Prescribed burns on North and South rims scheduled

Fire managers on the south zone of the Kaibab National Forest have completed plans for the 2017 fall and 2018 spring prescribed fire burning seasons.

Fire managers on the south zone of the Kaibab National Forest have completed plans for the 2017 fall and 2018 spring prescribed fire burning seasons.

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Reed Fire prescribed burn area on the Tusayan Ranger District.

GRAND CANYON, Ariz. — Fire managers on the south zone of the Kaibab National Forest completed plans for the 2017 fall and 2018 spring prescribed fire burning seasons and have already begun working in many listed for treatment.

The specific units to be ignited will be chosen based on fuel moistures and weather conditions that are within prescriptive levels that meet fuels reduction objectives.

The following project areas on the South Kaibab are planned for treatments: 

  • Reed Project: Three burn units 5 miles east of Tusayan and just south of the Grand Canyon National Park. This project size is 1,182 acres.

Smoke from these prescribed burns may be visible from Williams, Flagstaff and other surrounding areas.

North Zone fire managers on the North Kaibab Ranger District of the Kaibab National Forest and the North Rim of Grand Canyon National Park have also announced locations where they plan to complete prescribed fire projects starting in October and continuing through the spring of 2018.

Approximately 13,850 acres could be eligible for treatment across the plateau, but the implementation of each project will only occur when weather, fuel moisture, and smoke dispersal conditions are within the defined prescription parameters.

The following project areas on the North Kaibab are planned for treatments:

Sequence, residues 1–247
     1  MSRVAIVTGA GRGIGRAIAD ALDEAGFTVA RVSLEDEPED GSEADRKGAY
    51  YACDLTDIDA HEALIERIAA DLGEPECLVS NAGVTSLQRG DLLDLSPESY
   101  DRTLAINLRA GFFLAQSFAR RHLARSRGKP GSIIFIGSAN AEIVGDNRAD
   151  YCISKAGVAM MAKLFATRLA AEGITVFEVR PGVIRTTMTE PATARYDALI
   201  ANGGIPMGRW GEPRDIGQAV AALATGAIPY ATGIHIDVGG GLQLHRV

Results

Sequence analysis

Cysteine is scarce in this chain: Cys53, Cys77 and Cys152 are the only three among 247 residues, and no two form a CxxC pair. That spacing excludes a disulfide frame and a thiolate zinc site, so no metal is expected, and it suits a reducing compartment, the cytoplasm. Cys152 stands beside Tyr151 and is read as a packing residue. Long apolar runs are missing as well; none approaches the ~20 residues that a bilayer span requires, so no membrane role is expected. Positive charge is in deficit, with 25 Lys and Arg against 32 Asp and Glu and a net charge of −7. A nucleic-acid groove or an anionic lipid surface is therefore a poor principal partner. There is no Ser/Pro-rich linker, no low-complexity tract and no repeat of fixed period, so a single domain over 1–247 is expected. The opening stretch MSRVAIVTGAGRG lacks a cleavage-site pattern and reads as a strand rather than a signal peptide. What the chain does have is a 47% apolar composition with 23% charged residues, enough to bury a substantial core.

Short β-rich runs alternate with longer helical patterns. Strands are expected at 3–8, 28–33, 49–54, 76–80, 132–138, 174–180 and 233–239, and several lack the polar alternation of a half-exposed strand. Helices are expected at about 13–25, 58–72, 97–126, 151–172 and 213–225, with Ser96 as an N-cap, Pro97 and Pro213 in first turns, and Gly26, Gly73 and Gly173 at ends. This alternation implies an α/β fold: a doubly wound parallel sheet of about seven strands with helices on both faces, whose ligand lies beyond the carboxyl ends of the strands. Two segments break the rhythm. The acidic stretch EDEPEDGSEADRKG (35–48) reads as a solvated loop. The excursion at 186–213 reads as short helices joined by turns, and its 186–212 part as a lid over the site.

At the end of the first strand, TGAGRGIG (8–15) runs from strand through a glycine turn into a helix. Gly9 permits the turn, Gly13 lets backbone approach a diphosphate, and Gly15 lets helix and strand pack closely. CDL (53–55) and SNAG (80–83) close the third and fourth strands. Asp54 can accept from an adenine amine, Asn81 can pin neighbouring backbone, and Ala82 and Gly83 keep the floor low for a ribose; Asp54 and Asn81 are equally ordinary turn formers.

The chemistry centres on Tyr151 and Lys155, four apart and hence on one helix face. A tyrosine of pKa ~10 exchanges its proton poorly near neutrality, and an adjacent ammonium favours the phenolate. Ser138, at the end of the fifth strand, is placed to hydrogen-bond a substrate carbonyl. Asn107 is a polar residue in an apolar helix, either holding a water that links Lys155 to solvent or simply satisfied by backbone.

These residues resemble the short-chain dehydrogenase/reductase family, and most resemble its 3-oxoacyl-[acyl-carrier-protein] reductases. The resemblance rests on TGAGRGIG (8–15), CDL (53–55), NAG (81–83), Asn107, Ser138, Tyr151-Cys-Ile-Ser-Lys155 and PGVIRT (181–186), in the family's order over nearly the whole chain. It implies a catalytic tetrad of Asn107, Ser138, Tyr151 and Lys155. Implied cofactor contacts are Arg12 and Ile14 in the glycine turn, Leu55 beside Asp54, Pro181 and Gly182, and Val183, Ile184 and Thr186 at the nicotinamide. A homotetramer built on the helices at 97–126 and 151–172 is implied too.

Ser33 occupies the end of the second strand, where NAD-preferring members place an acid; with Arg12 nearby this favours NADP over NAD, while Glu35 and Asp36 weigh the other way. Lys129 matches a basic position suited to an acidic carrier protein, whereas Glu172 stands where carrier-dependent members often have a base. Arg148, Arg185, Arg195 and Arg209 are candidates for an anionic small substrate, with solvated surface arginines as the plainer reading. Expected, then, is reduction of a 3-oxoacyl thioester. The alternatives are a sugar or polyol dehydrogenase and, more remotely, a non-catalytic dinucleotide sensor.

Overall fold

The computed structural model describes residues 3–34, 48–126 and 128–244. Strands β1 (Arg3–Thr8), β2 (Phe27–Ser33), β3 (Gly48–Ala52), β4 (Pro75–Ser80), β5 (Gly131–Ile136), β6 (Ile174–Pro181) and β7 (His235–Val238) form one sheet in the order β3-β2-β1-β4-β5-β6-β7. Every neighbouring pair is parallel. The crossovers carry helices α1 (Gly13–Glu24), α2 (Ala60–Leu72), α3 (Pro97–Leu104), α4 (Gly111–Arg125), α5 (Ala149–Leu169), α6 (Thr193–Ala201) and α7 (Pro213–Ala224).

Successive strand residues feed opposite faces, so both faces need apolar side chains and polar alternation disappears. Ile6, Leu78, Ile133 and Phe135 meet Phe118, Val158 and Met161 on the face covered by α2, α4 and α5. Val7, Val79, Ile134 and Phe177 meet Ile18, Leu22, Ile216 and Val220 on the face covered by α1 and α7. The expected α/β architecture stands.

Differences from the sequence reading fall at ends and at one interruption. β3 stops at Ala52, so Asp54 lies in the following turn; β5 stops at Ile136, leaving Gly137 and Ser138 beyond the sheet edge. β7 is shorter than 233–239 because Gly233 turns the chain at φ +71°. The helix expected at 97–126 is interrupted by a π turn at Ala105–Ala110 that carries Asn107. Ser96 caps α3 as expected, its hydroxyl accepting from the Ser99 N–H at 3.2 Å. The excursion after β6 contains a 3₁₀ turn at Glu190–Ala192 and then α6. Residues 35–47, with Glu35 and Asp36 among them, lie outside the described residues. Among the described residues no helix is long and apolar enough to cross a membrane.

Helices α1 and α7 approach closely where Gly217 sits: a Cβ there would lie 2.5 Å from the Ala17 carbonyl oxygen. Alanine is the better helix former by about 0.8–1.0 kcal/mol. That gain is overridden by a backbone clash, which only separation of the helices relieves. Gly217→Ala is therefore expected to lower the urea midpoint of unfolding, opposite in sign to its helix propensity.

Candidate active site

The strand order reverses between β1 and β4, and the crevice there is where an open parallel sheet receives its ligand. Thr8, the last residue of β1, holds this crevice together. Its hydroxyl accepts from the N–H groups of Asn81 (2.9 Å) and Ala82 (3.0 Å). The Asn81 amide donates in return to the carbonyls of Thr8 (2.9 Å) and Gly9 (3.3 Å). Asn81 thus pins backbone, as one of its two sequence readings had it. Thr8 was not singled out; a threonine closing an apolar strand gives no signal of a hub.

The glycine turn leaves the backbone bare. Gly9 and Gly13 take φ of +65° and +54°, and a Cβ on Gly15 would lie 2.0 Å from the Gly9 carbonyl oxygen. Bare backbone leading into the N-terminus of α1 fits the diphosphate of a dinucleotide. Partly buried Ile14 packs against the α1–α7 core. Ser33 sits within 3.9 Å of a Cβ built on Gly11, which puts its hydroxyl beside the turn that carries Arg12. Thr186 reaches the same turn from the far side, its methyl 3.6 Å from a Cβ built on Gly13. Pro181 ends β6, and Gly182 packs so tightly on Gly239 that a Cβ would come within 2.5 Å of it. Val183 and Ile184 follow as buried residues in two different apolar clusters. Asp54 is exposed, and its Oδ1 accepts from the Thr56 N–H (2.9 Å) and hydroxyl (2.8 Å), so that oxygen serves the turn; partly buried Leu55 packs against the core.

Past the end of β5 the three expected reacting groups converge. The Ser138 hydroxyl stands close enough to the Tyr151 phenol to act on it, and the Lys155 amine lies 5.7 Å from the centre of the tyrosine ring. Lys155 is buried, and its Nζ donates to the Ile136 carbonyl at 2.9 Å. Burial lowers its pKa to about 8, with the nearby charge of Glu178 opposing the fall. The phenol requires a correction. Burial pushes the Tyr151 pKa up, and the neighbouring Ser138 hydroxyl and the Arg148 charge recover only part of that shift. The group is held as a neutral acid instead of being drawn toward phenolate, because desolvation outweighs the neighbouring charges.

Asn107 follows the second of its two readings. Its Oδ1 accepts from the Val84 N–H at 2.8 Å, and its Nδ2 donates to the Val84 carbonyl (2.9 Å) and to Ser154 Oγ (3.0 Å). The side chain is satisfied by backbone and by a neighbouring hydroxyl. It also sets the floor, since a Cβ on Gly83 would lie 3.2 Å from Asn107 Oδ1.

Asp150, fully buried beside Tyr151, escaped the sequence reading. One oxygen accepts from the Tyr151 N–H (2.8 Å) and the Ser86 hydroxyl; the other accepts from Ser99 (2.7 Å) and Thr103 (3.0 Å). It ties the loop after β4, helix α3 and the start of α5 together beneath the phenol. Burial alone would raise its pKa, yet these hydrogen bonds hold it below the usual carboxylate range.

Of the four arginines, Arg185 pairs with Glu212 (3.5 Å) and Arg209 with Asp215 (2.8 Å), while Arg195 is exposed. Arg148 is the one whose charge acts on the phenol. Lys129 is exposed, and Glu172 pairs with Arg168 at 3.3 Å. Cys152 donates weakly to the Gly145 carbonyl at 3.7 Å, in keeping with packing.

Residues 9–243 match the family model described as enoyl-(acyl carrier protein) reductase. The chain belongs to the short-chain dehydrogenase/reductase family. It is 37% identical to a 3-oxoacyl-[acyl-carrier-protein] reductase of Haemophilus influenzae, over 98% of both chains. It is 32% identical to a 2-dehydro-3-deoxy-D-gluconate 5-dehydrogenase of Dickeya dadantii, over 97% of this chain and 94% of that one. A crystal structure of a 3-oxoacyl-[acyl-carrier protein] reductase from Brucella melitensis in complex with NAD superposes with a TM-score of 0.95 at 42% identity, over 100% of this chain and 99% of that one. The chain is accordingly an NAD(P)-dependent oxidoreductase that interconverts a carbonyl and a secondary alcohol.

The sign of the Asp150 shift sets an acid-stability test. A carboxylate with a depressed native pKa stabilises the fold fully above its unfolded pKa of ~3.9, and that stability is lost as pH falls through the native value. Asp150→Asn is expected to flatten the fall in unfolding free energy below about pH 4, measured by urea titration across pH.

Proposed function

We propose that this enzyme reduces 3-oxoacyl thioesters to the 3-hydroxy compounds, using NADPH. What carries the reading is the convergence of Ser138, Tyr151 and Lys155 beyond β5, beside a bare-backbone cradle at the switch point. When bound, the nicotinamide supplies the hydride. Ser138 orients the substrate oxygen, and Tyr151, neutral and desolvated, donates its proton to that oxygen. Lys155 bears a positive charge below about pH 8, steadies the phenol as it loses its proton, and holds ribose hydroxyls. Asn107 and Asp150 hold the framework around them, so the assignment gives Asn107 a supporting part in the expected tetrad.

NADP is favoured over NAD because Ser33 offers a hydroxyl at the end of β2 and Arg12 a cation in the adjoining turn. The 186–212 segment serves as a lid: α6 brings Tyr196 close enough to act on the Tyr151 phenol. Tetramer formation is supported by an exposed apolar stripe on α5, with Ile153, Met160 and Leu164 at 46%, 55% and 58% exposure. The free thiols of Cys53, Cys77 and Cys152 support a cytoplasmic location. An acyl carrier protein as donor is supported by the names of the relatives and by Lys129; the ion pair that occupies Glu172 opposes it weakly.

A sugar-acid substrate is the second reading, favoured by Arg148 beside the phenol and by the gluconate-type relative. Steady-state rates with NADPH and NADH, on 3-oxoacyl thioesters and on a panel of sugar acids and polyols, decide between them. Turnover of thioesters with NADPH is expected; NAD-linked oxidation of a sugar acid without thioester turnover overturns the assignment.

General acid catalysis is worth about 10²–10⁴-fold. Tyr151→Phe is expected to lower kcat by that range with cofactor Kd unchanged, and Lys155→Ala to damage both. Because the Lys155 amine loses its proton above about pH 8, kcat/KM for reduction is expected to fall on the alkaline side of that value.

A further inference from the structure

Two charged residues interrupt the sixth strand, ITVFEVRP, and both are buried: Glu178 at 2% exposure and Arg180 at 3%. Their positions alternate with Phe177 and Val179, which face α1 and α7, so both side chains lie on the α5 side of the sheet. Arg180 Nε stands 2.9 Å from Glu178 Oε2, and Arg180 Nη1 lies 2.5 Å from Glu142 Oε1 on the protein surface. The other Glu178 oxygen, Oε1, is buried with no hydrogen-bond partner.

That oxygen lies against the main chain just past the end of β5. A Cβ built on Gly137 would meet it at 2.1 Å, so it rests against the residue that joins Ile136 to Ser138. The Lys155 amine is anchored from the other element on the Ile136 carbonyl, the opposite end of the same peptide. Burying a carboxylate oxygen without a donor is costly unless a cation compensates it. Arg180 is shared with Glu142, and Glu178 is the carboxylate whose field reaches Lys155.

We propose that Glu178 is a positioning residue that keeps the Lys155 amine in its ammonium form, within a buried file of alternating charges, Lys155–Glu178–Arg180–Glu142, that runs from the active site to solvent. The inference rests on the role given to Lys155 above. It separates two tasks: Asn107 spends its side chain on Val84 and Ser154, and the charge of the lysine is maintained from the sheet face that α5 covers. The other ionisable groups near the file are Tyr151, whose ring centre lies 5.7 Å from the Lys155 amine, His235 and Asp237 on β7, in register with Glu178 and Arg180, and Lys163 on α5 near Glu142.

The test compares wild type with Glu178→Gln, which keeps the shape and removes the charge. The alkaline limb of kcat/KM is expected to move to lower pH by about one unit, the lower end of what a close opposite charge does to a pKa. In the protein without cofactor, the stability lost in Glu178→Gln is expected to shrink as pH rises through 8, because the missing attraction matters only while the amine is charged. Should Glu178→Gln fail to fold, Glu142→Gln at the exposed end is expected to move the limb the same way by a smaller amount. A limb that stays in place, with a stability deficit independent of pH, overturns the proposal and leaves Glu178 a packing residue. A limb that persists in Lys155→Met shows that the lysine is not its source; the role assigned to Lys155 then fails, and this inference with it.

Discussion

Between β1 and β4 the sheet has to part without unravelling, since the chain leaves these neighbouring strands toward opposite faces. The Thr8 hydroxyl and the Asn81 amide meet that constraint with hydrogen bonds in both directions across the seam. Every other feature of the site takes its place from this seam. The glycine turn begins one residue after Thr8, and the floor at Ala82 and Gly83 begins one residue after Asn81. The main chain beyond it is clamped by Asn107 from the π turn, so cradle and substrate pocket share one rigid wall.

• Thompson Unit: The Thompson prescribed burn unit is approximately 2,000 acres. The project area is located both on the North Rim of the Grand Canyon and the North Kaibab Ranger District, on the east side of AZ Highway 67 and directly east of the North Rim entrance station.
  • Moquitch 3 Unit: The Moquitch 3 prescribed burn unit is approximately 3,500 acres and is located about 6 miles south of Jacob Lake.
  • Tipover East Unit: The Tipover East prescribed burn unit is approximately 2,500 acres for this season. The unit is located on a strip of forested land along the boundary of Grand Canyon National Park and the Kaibab National Forest west of Highway 67.
  • North Rim Slopes Unit: The North Rim Slopes prescribed burn unit is approximately 2,500 acres for this season. The unit is located along the north boundary of Grand Canyon National Park, west of Highway 67.
  • Wildhorse Unit: The Wildhorse prescribed burn unit is approximately 2,800 acres and is located near Jacob Lake.
  • High Severity Edge Unit: The High Severity Edge prescribed burn unit is approximately 500 acres for this season, and the unit is located on the Walhalla Plateau, west and south of Cape Royal Road.
  • Bright Angel Unit: The Bright Angel prescribed burn is approximately 50 acres this season, and objectives include reducing fuel accumulations, creating a defensible space around structures in the developed area on the North Rim of the Grand Canyon.
  • North Zone Pile Burns: Fire managers will also spend time preparing to burn piles of woody debris as resources and weather conditions allow. Upon arranging slash into compact, teepee-shapes and allowing the piles to dry, fire managers will burn the piles during safe burning conditions, generally after a snowfall or significant wetting-rain events.

Smoke impacts from these burns may include Highway 67, Highway 89A, Jacob Lake, AZ, the North Rim Entrance Station, DeMotte Park, the LeFevre overlook and portions of the Grand Canyon including the Nankoweep area and Kwagunt Valley area.  Additional smoke impacts may occur in the Marble Canyon area and as far away as Page.

The role that prescribed fires play includes decreasing risks to life, resources, and property. Fire managers carefully plan prescribed fires, initiating them only under environmental conditions that are favorable to assure firefighter and visitor safety and to achieve the desired objectives, which include reducing accumulations of hazard fuels, maintaining the natural role of fire in a fire-adapted ecosystem, and protecting sensitive cultural and natural resources.

During prescribed fires, motorists are cautioned that smoke may be present in short durations, which may impact roads and populated areas, and are reminded to use caution, drive slowly, turn on headlights, and avoid stopping in areas where fire personnel is working.

All prescribed burning is subject to approval by the Arizona Department of Environmental Quality and appropriate weather conditions.

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